“We’ve got a labrador retriever, and they’re pretty smart. I guess we could teach her to dial 9-1-1 and have her keep the baby.”
“Funny thing: we like to pay our bills. And our mortgage company wouldn’t really understand if I said we couldn’t pay our mortgage anymore because I love my kid too much for daycare.”

Since I’ve been on the receiving end of this love before, I’m rarely shocked by the sentiment anymore. But I’m constantly disappointed that it’s still out there. Because honestly, even if we could survive off of one income – and stomach the sacrifices it would take to do that – I don’t think that I would stop working. I love having an identity outside of Mommy, and I don’t think that makes me less of a Mom. If anything, I’m able to really, seriously, have focused and undivided time with my kids.

Because these things tend to go both ways, I’ve tried to watch my judgement of SAHMs. There are days, days where the office is a tough environment, days where I don’t get to see my kids during their waking hours, and those days make me wish I was a SAHM. Jealousy breeds contempt, and I’d see posts in my Facebook feed of moms rejoicing that the kids were back in school, leaving them alone and unoccupied for hours at a time. I’d give anything to have that life, I’d think. They don’t even know how easy they have it.

But I know! I know it’s not easy! Dude, me being at home random days this summer with a newborn and a five year old had me PULLING MY HAIR OUT. It’s not easy! It’s downright difficult!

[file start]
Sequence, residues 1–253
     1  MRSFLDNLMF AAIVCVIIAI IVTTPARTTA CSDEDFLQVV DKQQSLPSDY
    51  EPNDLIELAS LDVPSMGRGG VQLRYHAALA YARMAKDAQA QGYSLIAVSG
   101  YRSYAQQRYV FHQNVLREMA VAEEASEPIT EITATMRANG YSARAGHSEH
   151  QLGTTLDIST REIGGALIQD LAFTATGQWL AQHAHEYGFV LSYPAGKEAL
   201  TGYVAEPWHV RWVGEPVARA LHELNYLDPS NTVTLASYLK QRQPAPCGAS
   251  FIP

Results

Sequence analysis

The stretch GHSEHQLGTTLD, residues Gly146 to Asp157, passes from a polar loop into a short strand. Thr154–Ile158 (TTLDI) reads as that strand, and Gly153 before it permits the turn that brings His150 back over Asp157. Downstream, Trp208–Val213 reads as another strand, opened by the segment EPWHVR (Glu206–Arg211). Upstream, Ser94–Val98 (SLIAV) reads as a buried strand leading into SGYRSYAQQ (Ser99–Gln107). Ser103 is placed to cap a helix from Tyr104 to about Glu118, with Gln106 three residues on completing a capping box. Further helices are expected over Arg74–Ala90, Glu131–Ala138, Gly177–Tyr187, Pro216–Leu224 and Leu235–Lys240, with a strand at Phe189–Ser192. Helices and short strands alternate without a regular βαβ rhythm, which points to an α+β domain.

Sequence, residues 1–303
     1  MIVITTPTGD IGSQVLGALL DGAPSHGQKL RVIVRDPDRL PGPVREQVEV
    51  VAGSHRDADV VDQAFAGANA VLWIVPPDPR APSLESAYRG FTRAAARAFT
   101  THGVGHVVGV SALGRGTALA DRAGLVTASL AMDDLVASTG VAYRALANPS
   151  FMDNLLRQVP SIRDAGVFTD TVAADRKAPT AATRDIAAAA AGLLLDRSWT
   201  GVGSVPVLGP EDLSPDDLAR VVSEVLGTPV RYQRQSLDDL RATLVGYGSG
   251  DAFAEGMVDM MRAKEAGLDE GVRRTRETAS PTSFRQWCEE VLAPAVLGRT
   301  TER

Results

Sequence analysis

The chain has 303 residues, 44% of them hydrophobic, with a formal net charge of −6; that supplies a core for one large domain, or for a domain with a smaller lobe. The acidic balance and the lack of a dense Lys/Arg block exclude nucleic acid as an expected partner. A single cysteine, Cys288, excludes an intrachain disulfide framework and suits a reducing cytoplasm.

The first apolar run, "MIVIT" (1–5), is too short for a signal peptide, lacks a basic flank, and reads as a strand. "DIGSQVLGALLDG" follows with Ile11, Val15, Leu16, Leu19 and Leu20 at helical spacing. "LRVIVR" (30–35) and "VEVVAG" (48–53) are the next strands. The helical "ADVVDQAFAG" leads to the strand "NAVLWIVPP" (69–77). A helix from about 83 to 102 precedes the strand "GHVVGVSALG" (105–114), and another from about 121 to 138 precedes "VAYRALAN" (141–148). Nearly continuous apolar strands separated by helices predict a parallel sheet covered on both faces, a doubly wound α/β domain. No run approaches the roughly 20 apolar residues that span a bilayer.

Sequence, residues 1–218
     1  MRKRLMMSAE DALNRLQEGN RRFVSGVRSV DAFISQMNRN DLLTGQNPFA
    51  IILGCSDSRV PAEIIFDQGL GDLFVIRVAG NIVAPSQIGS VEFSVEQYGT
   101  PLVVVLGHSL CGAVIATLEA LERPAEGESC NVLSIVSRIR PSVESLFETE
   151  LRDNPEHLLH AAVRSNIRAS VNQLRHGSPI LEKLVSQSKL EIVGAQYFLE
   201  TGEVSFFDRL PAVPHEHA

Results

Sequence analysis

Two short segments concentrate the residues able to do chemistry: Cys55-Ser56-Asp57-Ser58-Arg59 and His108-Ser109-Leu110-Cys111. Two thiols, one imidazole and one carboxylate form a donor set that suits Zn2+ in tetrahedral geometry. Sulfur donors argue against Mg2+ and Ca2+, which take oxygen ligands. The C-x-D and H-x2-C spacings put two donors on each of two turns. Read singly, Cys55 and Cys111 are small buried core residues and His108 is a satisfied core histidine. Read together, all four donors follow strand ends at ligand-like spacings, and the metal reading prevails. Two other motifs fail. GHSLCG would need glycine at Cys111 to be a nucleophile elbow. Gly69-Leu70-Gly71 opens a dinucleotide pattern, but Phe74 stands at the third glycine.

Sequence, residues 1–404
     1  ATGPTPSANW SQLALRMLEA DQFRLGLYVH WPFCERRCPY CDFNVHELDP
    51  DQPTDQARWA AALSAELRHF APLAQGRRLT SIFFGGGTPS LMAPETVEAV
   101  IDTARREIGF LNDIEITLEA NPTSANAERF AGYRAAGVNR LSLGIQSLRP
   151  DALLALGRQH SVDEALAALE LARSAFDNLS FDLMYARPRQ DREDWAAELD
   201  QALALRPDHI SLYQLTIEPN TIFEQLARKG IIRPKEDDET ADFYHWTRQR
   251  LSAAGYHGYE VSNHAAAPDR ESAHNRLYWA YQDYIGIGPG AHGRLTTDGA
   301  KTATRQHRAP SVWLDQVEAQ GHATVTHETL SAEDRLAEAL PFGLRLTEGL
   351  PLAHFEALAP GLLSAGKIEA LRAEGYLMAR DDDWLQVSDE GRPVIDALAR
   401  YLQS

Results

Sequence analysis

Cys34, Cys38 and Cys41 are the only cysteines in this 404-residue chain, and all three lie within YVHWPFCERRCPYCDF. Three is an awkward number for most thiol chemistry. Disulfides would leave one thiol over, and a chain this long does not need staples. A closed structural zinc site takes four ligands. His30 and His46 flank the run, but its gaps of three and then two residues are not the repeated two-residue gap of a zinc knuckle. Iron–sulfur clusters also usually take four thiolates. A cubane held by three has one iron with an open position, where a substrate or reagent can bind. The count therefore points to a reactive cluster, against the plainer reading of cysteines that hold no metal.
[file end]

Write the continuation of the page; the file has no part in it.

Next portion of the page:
Moments like those make me think of how relative it all is. Look at like this: How many of you spent your 20s feeling like you were overweight and not good enough? The majority of us, right? And how often do you wistfully look back on those days and think Man, I didn’t spend NEARLY enough time naked? Cause I do. Often. Sarah-in-her-20s was a hottie who spent 10 years despising her body. YEAH, SPOILER ALERT, IT GETS WAY WORSE, SARAH-IN-HER-20S.

“Busy” is also relative, right? In my 20s, unmarried and childless, I thought I was Busy. All the time, busy. No one understood just how busy I truly was. Now I’m married with three kids and a more-than-full-time job PLUS a course load PLUS two (sometimes three) freelance gigs. I’m busier now in theory, but it still feels busy.

SAHM and WOHM are the same. They are both jobs that require copious hours, thankless days, and often very little immediate reward. A glass ceiling exists over both areas. We should be working together to break that glass.

I’m waving a white flag on the Mommy Wars, and sending over a dove carrying an olive branch. Because, man, I think the one thing we all can agree on is that we’re busy .. and we’re also tired.